Resolve 15
2015 (approx.)

Airborne electromagnetic data collection over an agricultural field near Sioux Falls, SD. The bird is suspended from a helicopter as it transmits and receives electromagnetic signals to the ground, which are used to interpret characteristics of the aquifer. More information on the airborne electromagnetic method is available at https://doi.org/10.3133/fs20163075.

Resolve 8
2015 (approx.)

A low-flying helicopter will carry this large cylindrical sensor, called a bird, to measure physical properties of the Big Sioux aquifer below the Earth's surface. More information on the airborne electromagnetic method is available at https://doi.org/10.3133/fs20163075.

photo of electromagnetic equipment on a sandy beach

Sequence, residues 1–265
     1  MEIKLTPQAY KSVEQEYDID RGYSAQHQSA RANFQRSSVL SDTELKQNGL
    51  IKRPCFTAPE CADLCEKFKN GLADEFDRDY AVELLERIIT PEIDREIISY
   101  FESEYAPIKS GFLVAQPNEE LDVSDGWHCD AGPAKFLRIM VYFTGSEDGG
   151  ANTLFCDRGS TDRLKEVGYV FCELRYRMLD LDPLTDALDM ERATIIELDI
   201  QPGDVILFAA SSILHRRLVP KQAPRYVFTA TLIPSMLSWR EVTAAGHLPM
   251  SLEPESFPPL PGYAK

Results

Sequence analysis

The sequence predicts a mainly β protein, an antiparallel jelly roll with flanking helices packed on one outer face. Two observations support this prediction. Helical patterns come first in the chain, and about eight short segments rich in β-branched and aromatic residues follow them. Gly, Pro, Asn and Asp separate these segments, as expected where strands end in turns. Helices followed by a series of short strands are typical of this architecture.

November 30, 2000

Electromagnetic Survey 

Image: Northridge, CA Earthquake Damage
January 1, 1994

Collection of USGS still images taken after the January 17, 1994 Northridge earthquake highlighting the damage to buildings and infrastructure.

Chart showing the Earth’s magnetic feild

This is one of five world charts showing the declination, inclination, horizontal intensity, vertical component, and total intensity of the Earth’s magnetic field at mean sea level at the beginning of 2005. The charts are based on the International Geomagnetic Reference Field (IGRF) main model for 2005 and secular change model for 2005-2010. The IGRF is referenced to the World Geodetic System 1984 ellipsoid.